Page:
#PB0191 Has an OSD, Good day camera, no case (just wrap it in tape or heatshrink). approx \$70

#PZ0236 Also a "board camera" (no case). Good day camera and very good low light capability (starlight/moonlight). About \$70

Back to the stuff you can buy in the USA (still made in China):

RangeVideo.com:
DX201 we talked about it \$150
KX191 2nd best at \$105 Excellent color and pretty good low light

NGHobbies.com
KX171LV Thats the one you can use from 5-15 volts. It's also nice and small. And it's a good value at \$65

Well, thats all I know about cheap cameras. My requirements are mainly for night ops, thus the low light cameras. There's more in that department in the \$150 range, but you won't need that. Just bought a thermal camera the size of the DX201, but that cost several thousand (thats the only way to do night ops right, but thats another story/project).

Daniel Wee did some camera tests here:

http://forum.tsebi.com/viewtopic.php?f=4&t=109

Anyone else with some good camera reviews?
 Feb 12, 2011, 11:43 PM USA: LakeGeorge, New York Ben Clerx I have this one and its awesome ! http://www.readymaderc.com/store/ind...roducts_id=207 Latest blog entry: My FAVORITE FPV CockPits'!!!!
 Feb 13, 2011, 01:13 AM Registered User Well I plan to get a Go Pro HD (happen to have a \$100 off deal) for getting nice recorded video for later playback. I know it can be an option to use for live output with the new firmware update and I still haven't been convinced by anybody to not use it for live output. Since I'm going to be getting the Go Pro anyways, can somebody convince me why I shouldn't use this for my inflight camera too? Now, I don't have to buy the Go Pro right away, my discount lasts until the end of the year so if I do hold off on it, having a camera that displays GOOD video in MOST lighting conditions is a MUST. I hate the videos that show the sky all nice and pretty and the ground is a dark smudge or vice versa when looking at the ground, ground is clear, sky is white. I need to be able to see where I'm going and a camera clear enough to be able to recognize terrain features, not just green ground, blue sky. #PZ0236 sounds like a good option. I like the fact that its good low light as I would like to eventually try out some night/parking lot flights.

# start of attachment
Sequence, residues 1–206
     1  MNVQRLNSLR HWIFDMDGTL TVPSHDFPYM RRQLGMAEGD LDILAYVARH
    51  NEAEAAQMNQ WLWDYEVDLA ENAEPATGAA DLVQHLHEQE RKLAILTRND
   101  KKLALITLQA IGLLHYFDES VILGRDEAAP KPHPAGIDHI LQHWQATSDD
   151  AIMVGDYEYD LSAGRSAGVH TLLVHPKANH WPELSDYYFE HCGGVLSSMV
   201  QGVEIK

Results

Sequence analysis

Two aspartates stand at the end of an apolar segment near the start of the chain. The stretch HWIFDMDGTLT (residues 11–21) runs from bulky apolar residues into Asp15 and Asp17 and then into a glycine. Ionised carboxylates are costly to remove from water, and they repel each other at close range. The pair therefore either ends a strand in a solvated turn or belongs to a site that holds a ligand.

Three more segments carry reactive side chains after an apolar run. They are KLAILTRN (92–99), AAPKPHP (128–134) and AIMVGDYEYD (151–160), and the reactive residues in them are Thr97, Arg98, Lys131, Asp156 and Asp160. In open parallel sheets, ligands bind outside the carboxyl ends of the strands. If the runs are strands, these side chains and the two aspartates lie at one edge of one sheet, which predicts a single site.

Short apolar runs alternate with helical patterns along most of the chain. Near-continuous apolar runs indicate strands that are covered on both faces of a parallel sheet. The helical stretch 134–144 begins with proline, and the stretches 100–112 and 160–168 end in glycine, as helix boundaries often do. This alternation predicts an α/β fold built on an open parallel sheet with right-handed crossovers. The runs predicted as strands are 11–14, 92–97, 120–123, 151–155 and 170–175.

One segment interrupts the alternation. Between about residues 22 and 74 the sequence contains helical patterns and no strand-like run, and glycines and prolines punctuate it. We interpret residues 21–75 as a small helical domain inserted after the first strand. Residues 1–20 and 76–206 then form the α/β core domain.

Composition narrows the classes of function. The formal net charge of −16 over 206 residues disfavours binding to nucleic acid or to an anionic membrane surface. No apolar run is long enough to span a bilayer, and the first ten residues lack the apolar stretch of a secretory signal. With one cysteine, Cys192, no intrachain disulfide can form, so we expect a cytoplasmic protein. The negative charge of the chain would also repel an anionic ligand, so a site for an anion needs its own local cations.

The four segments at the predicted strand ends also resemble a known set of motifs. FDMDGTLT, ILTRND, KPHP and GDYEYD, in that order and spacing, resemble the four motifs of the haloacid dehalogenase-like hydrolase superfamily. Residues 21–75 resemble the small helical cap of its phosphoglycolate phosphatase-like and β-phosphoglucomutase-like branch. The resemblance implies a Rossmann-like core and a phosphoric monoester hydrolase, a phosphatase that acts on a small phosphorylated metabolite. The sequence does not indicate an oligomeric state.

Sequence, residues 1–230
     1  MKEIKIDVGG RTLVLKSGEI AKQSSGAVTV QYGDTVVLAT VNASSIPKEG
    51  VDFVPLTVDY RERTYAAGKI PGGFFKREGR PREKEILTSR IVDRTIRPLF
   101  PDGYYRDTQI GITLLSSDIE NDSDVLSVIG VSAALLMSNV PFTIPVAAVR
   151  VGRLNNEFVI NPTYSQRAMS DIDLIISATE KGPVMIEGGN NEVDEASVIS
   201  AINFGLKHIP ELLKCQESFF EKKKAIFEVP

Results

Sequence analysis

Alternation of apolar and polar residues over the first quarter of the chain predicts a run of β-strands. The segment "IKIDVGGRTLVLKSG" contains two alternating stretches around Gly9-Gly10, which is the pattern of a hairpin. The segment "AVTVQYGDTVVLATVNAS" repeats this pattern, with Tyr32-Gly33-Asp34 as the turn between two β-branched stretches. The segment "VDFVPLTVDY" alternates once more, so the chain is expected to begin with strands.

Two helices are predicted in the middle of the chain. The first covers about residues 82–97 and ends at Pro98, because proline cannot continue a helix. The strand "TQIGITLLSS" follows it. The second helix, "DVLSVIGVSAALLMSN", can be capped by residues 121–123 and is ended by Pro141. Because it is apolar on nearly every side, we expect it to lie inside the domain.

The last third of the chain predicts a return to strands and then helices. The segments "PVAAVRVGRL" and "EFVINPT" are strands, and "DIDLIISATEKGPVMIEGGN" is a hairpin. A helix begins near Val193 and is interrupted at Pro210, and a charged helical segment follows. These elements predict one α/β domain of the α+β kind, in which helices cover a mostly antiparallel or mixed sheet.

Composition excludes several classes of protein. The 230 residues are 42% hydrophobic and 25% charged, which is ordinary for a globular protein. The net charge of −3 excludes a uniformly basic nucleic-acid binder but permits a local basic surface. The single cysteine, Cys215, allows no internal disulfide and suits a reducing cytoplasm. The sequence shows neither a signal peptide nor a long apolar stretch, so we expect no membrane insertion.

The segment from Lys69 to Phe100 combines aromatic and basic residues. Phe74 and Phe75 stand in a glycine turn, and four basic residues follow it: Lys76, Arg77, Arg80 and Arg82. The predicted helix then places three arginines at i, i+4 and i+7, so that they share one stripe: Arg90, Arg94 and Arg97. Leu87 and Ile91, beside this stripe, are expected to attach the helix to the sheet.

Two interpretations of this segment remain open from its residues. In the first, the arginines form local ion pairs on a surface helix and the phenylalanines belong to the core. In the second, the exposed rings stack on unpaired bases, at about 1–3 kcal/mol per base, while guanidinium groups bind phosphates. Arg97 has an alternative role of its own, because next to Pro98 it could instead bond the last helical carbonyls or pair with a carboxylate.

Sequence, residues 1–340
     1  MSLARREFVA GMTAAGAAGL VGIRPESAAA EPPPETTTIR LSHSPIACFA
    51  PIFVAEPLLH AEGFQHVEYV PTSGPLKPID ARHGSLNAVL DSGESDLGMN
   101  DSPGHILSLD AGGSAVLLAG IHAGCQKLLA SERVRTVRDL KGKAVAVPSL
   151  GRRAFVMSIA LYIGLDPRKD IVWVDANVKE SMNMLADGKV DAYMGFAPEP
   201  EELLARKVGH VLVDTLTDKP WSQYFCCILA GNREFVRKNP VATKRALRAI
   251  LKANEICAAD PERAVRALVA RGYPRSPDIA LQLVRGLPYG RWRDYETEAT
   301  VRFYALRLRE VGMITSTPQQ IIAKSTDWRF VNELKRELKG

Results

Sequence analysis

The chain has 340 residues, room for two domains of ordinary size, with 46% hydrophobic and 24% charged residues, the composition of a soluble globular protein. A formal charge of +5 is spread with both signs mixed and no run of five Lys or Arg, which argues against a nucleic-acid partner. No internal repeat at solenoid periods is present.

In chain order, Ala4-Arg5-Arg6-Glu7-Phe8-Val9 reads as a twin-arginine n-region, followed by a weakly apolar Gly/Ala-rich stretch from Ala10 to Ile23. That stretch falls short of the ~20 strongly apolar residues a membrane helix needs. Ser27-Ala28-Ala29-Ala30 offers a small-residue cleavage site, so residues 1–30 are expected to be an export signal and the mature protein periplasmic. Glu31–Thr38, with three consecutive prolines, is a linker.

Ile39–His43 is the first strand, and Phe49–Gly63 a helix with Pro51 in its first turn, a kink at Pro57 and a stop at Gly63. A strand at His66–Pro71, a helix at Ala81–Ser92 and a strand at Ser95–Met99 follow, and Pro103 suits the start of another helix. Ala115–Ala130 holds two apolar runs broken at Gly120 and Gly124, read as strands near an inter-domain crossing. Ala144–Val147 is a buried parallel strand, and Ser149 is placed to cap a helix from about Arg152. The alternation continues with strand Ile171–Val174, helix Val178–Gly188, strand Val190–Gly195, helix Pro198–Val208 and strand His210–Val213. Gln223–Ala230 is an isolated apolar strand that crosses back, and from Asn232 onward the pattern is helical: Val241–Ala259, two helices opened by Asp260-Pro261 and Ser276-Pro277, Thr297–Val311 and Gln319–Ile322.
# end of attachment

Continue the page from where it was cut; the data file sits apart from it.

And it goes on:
Feb 13, 2011, 01:31 AM Registered User I dunno man, after having watched so many dx201 videos in the past and after a few more I just found, its really hard for me to not get this camera the first time around. Yeah its more expensive, but I'm one of those guys that its just worth it to do things right the first time...hence the million questions I'm asking. The dx201 does exactly what I want with no other rivals within its price range or cheaper. I think I would be happier with a NICE fpv camera and just getting the Go Pro HD later and adding it to an already proven setup. The first sample video just says it all http://www.rangevideo.com/index.php?...roducts_id=158 Whats with the two ground wires on the dx201 (scroll down on the page from the above link) Last question for the night: Is there anything wrong with having the Vtx and the camera mounted in close proximity or even back to back (like you would find something mounted on a 360 degree swivel)? Not only would this keep the wires shorter (less wire to get outside interference from) but would also create a portable unit for use on other planes, etc. Last edited by crash821; Feb 13, 2011 at 01:40 AM.